Looking for advice on when to sell a consumer-oriented portfolio company? Andrew Vollmer’s your man. His dual roles at KeyBanc Capital Markets as head of both the consumer and financial sponsors groups, let him advise on companies in food and beverage, outdoor lifestyle, personal care, apparel, footwear, home goods, specialty retail, and restaurants.
Vollmer first helps you decide if the time is right to consider an exit, especially since some consumer areas are picking up steam now and others are still in the doldrums. “If you look at the equity and M&A markets, the food sector is always busy,” said Vollmer. Areas that have been quiet but are becoming more active include apparel and footwear retailers and vendors. He’s also seeing action in the outdoor lifestyle areas, such as sporting goods: Depending on the hold period and expected multiple, an exit now in that market could make sense. Vollmer’s also seeing several restaurant companies come on the market.
In fact, M&A is picking up in most consumer markets right now. “We’ve seen a big increase in deal activity” since the start of the year, said Vollmer, “and we’re going to see more deals hit the market in August and September,” especially as companies try to get transactions done by year-end for tax reasons. Sponsors are also looking to exit businesses that they held steady during the recession and that are now starting to see some top-line growth and margin expansion.
As for consumer companies that survived the downturn but did not perform especially well, buyout firms are holding on to them for another 12 to 24 months before they consider an exit. Those companies need to get back onto a growth trajectory to get the kind of multiple buyout shops typically need, Vollmer said. Many of these companies were acquired for 8x EBITDA or more before the downturn and their EBITDA levels fell significantly. “Until they get back on a growth trajectory, it’s going to be hard to get a multiple like that again,” he said.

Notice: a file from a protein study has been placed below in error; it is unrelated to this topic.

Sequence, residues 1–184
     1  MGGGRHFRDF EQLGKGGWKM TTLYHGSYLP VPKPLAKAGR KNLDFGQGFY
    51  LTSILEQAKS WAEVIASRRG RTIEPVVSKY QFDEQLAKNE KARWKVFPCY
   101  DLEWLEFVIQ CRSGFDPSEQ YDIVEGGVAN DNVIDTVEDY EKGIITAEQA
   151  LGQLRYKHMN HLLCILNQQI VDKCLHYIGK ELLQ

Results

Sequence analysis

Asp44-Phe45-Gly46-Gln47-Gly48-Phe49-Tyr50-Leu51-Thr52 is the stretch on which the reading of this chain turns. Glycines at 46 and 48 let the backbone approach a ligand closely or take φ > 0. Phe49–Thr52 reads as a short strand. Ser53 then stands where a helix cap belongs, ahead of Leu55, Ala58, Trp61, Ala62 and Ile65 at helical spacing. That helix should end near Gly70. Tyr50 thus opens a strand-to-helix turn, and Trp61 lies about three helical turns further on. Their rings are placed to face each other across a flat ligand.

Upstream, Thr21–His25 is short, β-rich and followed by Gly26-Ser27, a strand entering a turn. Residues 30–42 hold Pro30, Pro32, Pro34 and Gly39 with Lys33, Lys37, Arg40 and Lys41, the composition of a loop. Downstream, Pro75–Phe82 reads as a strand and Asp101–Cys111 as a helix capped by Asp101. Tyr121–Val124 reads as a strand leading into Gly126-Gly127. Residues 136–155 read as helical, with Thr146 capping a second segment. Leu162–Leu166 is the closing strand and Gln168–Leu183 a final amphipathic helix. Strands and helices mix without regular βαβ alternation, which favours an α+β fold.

“No one’s got a perfect crystal ball,” said Vollmer, but if the time is not right for a sale based on the amount of uncertainty in an industry, he will counsel clients to wait. For tax reasons, some clients want to hurry up and sell, but he often advises patience if he feels there is a lot of upside potential in waiting a year.
Vollmer leads a 25-person consumer & retail team and an eight-person financial sponsor team. The firm handles roughly 40 to 50 M&A transactions a year and expects to close 25 to 30 M&A, capital markets and leveraged finance deals for buyout clients this year. KeyBanc Capital Markets, which focuses on mid-market clients, has investment banking offices in New York, Chicago, San Francisco, Dallas, Boston, Seattle, Atlanta, Charlotte and its headquarters in Cleveland.